Campbell, J. D., & Paula, A. D. (2002). Perfectionistic self-beliefs. Their Relation to Personality and Goal Pursuit.

Fishbach, A., & Finkelstein, S. R. (2012). How feedback influences persistence, disengagement, and change in goal pursuit. Goal-directed behavior, 203-230.

Ivancevich, J. M., & McMahon, J. T. (1982). The effects of goal setting, external feedback, and self-generated feedback on outcome variables: A field experiment. Academy of Management Journal, 25(2), 359-372.https://doi.org/10.5465/255997

Klein, J. I. (1990). Feasibility theory: A resource-munificence model of work motivation and behavior. Academy of Management Review, 15(4), 646-665.https://doi.org/10.5465/amr.1990.4310871

Latham, G. P., Locke, E. A., & Fassina, N. E. (2002). The high performance cycle. Standing the test of time. Psychological management of individual performance, 201-228.

Locke, E., & Latham, G. (2016). New Directions in Goal-Setting Theory. Current Directions in Psychological Science. A Journal of the American psychological society, 15(5), 265–268. https://doi.org/10.1111/j.1467-8721.2006.00449.x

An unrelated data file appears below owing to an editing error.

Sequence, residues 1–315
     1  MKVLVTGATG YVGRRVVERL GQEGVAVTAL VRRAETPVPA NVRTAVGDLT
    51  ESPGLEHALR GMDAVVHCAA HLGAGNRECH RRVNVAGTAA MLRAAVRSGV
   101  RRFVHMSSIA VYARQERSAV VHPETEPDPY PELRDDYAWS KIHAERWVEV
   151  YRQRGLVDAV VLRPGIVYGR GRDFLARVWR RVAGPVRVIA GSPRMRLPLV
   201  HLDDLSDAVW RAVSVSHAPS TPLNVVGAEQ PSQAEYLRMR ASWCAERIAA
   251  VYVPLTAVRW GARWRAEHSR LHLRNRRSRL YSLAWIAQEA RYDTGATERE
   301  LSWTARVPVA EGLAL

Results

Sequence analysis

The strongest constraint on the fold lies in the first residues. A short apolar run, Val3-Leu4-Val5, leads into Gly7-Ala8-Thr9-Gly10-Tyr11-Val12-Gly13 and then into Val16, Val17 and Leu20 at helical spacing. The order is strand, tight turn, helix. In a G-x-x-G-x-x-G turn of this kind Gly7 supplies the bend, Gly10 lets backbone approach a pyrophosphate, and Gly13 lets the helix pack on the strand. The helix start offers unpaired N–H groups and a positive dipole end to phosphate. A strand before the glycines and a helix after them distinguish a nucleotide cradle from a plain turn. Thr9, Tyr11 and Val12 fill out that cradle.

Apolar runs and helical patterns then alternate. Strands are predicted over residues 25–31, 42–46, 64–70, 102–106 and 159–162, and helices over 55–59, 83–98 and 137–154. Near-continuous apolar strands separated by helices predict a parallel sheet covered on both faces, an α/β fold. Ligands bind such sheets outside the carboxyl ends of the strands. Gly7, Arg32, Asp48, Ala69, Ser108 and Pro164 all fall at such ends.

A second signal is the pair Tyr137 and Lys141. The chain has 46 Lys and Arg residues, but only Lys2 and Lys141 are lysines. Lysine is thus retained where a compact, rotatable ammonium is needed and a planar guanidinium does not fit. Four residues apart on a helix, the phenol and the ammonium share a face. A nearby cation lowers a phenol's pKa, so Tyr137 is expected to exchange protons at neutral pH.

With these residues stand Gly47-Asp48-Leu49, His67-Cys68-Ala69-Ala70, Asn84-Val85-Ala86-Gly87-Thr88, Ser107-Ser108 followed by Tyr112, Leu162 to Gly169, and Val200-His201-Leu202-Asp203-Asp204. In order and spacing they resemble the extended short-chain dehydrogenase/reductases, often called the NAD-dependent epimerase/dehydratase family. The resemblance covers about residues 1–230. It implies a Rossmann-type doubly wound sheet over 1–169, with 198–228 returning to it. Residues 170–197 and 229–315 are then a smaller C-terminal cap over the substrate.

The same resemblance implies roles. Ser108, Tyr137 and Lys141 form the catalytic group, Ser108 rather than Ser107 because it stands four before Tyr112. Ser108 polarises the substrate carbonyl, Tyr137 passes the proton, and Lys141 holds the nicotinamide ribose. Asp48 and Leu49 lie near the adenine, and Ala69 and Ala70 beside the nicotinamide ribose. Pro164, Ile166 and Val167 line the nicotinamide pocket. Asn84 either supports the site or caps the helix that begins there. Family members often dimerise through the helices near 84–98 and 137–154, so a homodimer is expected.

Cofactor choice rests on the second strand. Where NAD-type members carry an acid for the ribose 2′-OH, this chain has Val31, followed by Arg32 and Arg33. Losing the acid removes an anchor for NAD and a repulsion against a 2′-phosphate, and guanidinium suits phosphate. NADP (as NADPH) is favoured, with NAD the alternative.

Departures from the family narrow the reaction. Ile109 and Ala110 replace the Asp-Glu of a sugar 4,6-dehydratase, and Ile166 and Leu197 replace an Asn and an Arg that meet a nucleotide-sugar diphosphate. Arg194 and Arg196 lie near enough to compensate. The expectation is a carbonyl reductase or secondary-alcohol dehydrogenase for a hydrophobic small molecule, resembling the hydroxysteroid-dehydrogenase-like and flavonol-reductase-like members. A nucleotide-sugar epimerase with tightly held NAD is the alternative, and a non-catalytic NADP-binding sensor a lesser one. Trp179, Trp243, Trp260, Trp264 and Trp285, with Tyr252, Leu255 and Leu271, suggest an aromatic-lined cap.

Ryan, R. M., & Deci, E. L. (2000). Intrinsic and extrinsic motivations: Classic definitions and new directions. Contemporary educational psychology, 25(1), 54-67.https://doi.org/10.1006/ceps.1999.1020

Stratton, R. K. (2005). Motivation: Goals and goal setting. Strategies, 18(3), 31.

Wade, S. L. (Ed.). (2017). Self-determination theory (sdt). Perspective, applications and impact. ProQuest E book Central https://ebookcentral-proquest-com.ezproxy.canberra.edu.au

Wigfield, A., & Eccles, J. S. (2000). Expectancy–value theory of achievement motivation. Contemporary educational psychology, 25(1), 68-81. https://doi.org/10.1006/ceps.1999.1015

Wrosch, C., Miller, G. E., Scheier, M. F., & de Pontet, S. B. (2007).Giving up on unattainable goals. Benefits for health? Personality and social psychology Bulletin, 33(2), 251–265. https://doi.org/10.1177/0146167216294905

Wrosch, C., Scheier, M. F., Carver, C. S., & Schulz, R. (2003). The importance of goal disengagement in adaptive self-regulation: When giving up is beneficial. Self and Identity, 2(1), 1-20. https://doi.org/10.1080/15298860309021

External links[edit | edit source]